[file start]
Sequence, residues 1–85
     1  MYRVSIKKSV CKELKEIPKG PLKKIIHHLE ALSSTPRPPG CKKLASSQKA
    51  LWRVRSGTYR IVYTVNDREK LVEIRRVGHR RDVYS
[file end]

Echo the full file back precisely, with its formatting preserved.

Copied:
Sequence, residues 1–85
     1  MYRVSIKKSV CKELKEIPKG PLKKIIHHLE ALSSTPRPPG CKKLASSQKA
    51  LWRVRSGTYR IVYTVNDREK LVEIRRVGHR RDVYS